These three questions relate to Easter: (1) My friend tells me that the KJV translates the word ‘Passover’ wrongly as ‘Easter’ in Acts 12:4; and that Matthew Henry supports his contention. Is that true? (2) We know that Christ could not possibly have been born on 25 December, what about the day of the Lord’s resurrection; does it accurately fall on the Easter Sunday which is celebrated by most churches today? (3) What is the origin of Easter Eggs and Easter Bunnies?

Firstly, your friend is right that ‘Easter’ in Acts 12:4 may be more correctly rendered as ‘Passover.’ The Greek pavsca (pascha) does refer to the Passover and it is so translated in all other 26 occurrences in the KJV. Your friend is also right that Matthew Henry supports his point. Henry writes that "it ought to be so read, for it is the same word that is always so rendered; and to insinuate the introducing of a gospel-feast, instead of the passover, when we have nothing in the New Testament of such a thing, is to mingle Judaism with our Christianity." I would, however, hesitate to say that the KJV is therefore wrong. The word ‘Easter’ was probably derived from the name of an obscure Germanic goddess of spring (Eastre), to whom sacrifices were offered about the time of the Passover by the pagan Saxons. As the date of the festival of Eastre was commonly known to the Anglo-Saxons, the early English versions frequently used the name to refer to the time of the paschal feast. The 1534 translation of the New Testament by William Tyndale, for example, translates pavsca consistently as ‘Easter’, even in verses such as 1 Cor 5:7, where Christ is called "our Easter Lamb." By and by, in common speech, the word ‘Easter’ came to refer to the resurrection of Christ, because it occurred at the time of the Passover—just as most Christians today refer to the Lord’s Day as ‘Sunday’ though the word ‘Sunday’ has its origin in Sun-worship. When the KJV was formed in 1611, the word ‘passover’ was used in all passages in which pavsca occurs, except in Acts 12:4. No one is exactly sure why this was the case.

Secondly, whether the date of the Resurrection accurately falls on the movable Easter Sunday each year is open to much dispute. The Jewish Passover occurs on the 14th day of Nissan, this date according to our Gregorian calendar can be on any day of the week each year. The current date for Easter was determined during the council of Nicaea in AD 325, under the patronage of Emperor Constantine. The council decided that the Resurrection be celebrated on the first Sunday after the first full moon on or after the vernal equinox of March 21. Easter, as such, can come as early as March 22 or as late as April 25. Moreover, the Eastern Orthodox Church, which is still using the old Julian Calendar, celebrates Easter on a day that can be as much as 5 weeks at variance with the Roman Catholic & Protestant Easter. However, most who celebrate Easter does not really bother with the accuracy of the date whatever might have been the formula of Nicaea. For us, the day for celebrating the Resurrection of our Lord is given in Psalm 118:22-24, "The stone which the builders refused is become the head stone of the corner. This is the LORD's doing; it is marvelous in our eyes. This is the day which the LORD hath made; we will rejoice and be glad in it." When we gather each week to worship we celebrate the Resurrection of our Lord. This date cannot be wrong as it is sanctioned by the Word of God.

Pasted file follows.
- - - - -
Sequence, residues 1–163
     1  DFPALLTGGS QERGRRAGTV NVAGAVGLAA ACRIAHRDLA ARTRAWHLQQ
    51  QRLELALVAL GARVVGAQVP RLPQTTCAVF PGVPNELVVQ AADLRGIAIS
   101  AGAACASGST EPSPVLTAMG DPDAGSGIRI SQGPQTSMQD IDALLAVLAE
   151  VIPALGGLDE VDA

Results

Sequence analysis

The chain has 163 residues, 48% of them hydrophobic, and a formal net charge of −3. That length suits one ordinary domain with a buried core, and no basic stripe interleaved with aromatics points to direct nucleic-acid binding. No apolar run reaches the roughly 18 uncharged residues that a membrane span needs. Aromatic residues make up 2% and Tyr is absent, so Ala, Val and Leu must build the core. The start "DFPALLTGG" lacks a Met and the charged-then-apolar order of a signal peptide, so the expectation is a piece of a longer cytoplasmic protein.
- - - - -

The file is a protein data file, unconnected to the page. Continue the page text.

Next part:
Thirdly, there are numerous stories pertaining to the origin of the Easter Egg and Easter Bunny. Apparently, eggs were commonly regarded in ancient pagan cultures as symbols of continuing life and resurrection. As such, eggs were exchanged as gifts at the spring festivals of the ancient Persians and Greeks to celebrate the revival of nature after the winter. To the early pagans converted to Christianity under Emperor Constantine's rule, eggs seemed the obvious symbols of the Lord's resurrection and were therefore considered appropriate gifts at Easter time. The origin of the Easter Bunny or more accurately ‘hare’ is even more overtly pagan. The hare was sacred to the Spring-Goddess, Eastre. Hares were sacrificed to her. The hare was an emblem of fertility, renewal, and return of spring to the heathen. Christian ought to have nothing to do with these Pagan symbols which were no where appointed by God for His Church.